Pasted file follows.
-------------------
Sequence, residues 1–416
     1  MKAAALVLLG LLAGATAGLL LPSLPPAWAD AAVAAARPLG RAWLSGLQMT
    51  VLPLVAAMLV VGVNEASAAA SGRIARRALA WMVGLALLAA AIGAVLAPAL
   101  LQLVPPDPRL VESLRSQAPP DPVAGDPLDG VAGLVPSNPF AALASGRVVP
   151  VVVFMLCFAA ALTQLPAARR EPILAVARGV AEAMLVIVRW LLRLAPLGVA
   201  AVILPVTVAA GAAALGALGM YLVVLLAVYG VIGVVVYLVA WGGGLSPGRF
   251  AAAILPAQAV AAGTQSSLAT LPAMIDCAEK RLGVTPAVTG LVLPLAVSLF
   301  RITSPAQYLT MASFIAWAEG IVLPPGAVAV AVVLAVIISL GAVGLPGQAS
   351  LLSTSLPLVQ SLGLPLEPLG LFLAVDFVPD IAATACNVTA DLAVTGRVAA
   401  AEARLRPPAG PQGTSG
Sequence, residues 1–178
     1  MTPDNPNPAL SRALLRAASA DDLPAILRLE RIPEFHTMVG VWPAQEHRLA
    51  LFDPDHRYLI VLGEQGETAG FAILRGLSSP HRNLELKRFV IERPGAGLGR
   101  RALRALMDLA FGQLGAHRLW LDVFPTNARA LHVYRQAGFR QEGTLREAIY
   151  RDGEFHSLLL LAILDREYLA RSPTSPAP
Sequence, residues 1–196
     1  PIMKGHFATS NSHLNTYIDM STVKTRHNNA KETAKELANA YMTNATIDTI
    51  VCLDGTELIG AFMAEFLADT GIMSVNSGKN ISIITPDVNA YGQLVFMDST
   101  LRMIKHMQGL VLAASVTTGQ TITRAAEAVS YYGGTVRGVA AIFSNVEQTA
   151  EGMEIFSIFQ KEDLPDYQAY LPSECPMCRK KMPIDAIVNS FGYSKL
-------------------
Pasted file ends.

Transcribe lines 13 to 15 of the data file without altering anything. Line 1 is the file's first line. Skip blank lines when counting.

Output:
    51  LFDPDHRYLI VLGEQGETAG FAILRGLSSP HRNLELKRFV IERPGAGLGR
   101  RALRALMDLA FGQLGAHRLW LDVFPTNARA LHVYRQAGFR QEGTLREAIY
   151  RDGEFHSLLL LAILDREYLA RSPTSPAP